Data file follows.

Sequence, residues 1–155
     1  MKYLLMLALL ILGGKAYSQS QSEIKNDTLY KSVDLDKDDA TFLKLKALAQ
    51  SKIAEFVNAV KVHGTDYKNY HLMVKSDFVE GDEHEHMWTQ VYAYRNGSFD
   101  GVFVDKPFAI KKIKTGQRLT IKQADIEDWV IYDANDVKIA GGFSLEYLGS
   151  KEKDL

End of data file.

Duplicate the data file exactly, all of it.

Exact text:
Sequence, residues 1–155
     1  MKYLLMLALL ILGGKAYSQS QSEIKNDTLY KSVDLDKDDA TFLKLKALAQ
    51  SKIAEFVNAV KVHGTDYKNY HLMVKSDFVE GDEHEHMWTQ VYAYRNGSFD
   101  GVFVDKPFAI KKIKTGQRLT IKQADIEDWV IYDANDVKIA GGFSLEYLGS
   151  KEKDL